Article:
The first month of 2013 saw global equity markets hit multiyear highs, US and German government bond prices slide and the euro reach a 14-month peak against the dollar above $1.35. But is this rapid improvement in risk appetite really justified?
Joost van Leenders, investment strategist at BNP Paribas, does not share the positive view markets have shown lately.
“In the US, the impact of the agreed tax hikes may have been underestimated, as has been the case in many countries in the past few years,” he says. “And the fight over spending cuts in this year’s budget has yet to begin. In the eurozone, we are concerned about low growth and weak bank lending, while we do not see the Chinese economy accelerating soon.
“Corporate results have mostly been better than expected, but excluding financials, sales and earnings surprises have been fairly modest. Moreover, earnings expectations are still being reduced and most companies’ guidance has been cautious.
“Since we parked the proceeds of our recent equity sales in cash, we are overweight cash, which we prefer over other asset classes as we believe we are in a tactical trading environment.”
Divyang Shah, global strategist at IFR Markets, highlights the dangers of “going with the flow”.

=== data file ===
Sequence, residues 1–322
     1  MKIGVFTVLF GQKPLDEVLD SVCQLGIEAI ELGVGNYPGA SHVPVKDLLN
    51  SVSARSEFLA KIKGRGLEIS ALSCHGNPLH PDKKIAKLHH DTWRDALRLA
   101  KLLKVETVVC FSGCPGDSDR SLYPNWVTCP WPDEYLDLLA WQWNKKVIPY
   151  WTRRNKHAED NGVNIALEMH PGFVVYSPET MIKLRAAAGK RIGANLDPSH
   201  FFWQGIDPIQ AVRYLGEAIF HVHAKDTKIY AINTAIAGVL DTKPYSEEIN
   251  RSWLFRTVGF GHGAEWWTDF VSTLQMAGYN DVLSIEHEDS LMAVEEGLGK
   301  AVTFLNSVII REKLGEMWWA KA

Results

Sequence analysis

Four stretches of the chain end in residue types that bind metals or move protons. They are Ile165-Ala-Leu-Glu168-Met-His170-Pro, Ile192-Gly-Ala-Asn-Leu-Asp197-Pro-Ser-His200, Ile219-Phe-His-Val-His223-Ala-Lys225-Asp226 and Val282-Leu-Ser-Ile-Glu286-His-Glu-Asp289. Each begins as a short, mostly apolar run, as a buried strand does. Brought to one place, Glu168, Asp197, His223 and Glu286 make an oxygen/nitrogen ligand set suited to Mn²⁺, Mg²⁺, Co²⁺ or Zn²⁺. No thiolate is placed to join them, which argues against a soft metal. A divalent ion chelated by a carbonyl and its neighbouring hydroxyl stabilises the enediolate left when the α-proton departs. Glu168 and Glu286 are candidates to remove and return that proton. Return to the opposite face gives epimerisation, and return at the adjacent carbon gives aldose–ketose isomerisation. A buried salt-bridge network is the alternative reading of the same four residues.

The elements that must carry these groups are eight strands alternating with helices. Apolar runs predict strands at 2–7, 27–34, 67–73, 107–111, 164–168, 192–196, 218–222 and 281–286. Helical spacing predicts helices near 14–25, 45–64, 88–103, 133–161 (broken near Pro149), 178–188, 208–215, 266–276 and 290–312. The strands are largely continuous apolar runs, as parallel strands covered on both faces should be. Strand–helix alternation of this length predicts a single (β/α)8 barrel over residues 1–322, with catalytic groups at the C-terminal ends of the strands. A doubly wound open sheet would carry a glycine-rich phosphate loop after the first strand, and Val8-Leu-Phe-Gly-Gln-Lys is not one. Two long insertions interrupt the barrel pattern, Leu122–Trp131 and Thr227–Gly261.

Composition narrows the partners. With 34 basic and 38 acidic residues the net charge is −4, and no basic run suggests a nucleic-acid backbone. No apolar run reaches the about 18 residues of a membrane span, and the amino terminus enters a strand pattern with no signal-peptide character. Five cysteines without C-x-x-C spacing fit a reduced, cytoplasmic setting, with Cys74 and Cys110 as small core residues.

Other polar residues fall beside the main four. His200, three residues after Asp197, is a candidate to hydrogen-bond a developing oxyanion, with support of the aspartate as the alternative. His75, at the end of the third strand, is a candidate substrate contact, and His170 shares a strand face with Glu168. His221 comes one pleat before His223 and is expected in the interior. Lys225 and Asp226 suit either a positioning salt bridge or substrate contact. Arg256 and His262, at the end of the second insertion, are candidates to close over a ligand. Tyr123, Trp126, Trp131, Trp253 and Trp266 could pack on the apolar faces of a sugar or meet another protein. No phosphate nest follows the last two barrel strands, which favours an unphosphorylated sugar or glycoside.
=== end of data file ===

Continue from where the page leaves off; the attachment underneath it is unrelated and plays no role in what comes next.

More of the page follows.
“While it’s always difficult to fight the trend and the reversal of safe haven flows, we should be cognisant of the risks in believing things have truly turned the corner,” he says. “Peripheral inflows are strong – but have only partially reversed the €406bn that flowed out in the first eight months of 2012.
“Equity inflows are also strong, but they traditionally are in January, and this year we have seen the additional effect of investors trying to beat the US dividend tax rise. Bond market inflows have not reversed but remain strong, even as 10-year Treasury yields test 2 per cent.
“The problem is that tail risk bystanders are now being sucked in to play the peripheral and equity rally for fear of missing out and to make sure they don’t underperform benchmarks. This is one of those ‘trend is your friend’ type of environments that is very difficult to fight against.”
Jane Foley, senior currency strategist at Rabobank, says that, in reaching $1.35, the euro/dollar rate had now reached his long-term target – making her wary.
“While our view – that central bank accommodation coupled with expectations that the eurozone crisis is moving closer towards a resolution would hold up risk appetite – has essentially been vindicated, the move to $1.35 has been more rapid than we expected, leaving us slightly uncomfortable,” she says.
“This is largely because investors’ desire to move into riskier assets runs counter to the bias of organisations such as the International Monetary Fund, World Bank and Organisation for Economic Co-operation and Development towards revising down their estimates for world growth this year.
“The outlook for the eurozone started to improve last July when politicians underpinned the need for fiscal union – but there is still the potential for hiccups. While central banks will continue to support risk appetite, and the euro will retain an upward bias, we would also warn of the potential for pullbacks. Investors should remain on their toes.”
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